My research efforts involve undergraduate and graduate student researchers in identifying, preserving and performing concert adaptations of the underexplored folk songs that originated with the African slaves who were dispersed throughout the United States in the mid-eighteenth and nineteenth centuries. My latest project involved a Cultural Exploration Lecture-Recital Series which was presented at six universities located in Mississippi and Louisiana. The project explores the Afro-Creole folk song of Louisiana which developed under the same conditions on the Louisiana plantations of the late eighteenth and nineteenth centuries and, unlike the Negro spiritual, has barely survived and is not explored widely. I argue that these little-known songs, infused with African, French and Spanish elements, reveal a more diverse approach to the ethnomusicological heritage of the African experience in the New World. And, that these works should be preserved and continue to be performed, in that rarefied, intensely Eurocentric environment of the song recital. Further, a larger audience can be reached by promoting new compositions drawn from this historically overlooked area of Afro-American cultural life and history. I hope that my work will help reveal that there are accessible arrangements of the Afro-Creole folk song of Louisiana that are worthy repertoire choices for reputable concert artists.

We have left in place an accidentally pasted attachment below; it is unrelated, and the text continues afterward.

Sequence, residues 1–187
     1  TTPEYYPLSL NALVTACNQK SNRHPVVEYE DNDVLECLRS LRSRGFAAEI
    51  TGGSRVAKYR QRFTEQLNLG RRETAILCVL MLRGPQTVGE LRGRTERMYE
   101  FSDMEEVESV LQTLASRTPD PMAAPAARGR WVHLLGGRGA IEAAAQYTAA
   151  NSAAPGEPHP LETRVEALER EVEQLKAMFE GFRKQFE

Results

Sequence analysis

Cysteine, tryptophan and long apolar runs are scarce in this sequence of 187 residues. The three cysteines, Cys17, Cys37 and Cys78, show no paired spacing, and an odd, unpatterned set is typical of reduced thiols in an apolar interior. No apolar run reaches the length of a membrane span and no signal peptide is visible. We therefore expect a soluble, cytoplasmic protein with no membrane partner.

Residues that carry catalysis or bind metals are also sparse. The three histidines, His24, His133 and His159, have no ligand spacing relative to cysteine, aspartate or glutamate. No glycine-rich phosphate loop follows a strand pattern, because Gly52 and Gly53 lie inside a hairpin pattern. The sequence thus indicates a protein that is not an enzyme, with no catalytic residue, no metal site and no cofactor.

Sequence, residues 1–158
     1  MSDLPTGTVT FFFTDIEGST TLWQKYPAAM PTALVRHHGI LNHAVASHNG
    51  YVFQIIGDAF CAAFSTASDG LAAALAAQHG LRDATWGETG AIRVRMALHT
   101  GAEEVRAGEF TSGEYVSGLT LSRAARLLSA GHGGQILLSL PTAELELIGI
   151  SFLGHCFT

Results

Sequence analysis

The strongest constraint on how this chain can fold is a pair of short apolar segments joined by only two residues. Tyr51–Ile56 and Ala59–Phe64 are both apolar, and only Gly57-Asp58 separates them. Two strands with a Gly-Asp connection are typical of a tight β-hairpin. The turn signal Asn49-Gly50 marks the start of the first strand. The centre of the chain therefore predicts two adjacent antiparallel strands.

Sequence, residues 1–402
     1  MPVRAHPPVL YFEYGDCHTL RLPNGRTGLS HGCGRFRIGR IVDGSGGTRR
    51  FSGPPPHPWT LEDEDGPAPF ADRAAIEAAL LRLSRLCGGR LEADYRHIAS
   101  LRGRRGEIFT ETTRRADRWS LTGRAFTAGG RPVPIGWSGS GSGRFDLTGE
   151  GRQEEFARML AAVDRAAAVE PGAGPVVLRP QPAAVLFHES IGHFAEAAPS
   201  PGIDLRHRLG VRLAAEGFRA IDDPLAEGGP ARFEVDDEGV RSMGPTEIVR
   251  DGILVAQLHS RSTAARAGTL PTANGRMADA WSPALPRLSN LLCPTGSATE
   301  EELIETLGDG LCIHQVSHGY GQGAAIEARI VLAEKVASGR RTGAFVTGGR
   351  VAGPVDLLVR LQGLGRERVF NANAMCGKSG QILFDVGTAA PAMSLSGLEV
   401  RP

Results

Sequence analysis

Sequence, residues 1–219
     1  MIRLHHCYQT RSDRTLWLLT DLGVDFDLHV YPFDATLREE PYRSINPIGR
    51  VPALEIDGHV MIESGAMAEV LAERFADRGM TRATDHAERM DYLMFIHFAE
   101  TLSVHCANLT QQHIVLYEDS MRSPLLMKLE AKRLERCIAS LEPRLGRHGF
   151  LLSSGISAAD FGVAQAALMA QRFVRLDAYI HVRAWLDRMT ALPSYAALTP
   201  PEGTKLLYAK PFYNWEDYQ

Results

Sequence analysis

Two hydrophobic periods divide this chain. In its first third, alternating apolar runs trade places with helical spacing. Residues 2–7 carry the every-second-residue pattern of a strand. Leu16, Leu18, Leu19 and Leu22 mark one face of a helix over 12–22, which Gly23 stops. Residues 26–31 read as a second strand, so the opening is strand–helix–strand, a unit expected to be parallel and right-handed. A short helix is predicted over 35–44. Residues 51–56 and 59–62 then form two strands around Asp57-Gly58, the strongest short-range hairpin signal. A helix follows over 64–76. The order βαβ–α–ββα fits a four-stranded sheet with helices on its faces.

Center for Undergraduate Research Project: Jackson State University. The William Brown Collection: The Importance of Cataloguing and Preserving the Rare Scores and Recordings of African-American Composers of Art Music.
“Preserving the Non-Spiritual or Secular African-American Art Song.”
“The Infusion and Relevance of African-American Elements in the Art Songs and Operas of African- American Composers.”
“Beyond the Spiritual: Highlighting the Art Songs of Select Twentieth Century African-American Women Composers.”
“The History of the Opera/South Company of Jackson, Mississippi and Its Relevance and Importance to the Cultural Enrichment of the Surrounding Communities in the Twenty-first Century.”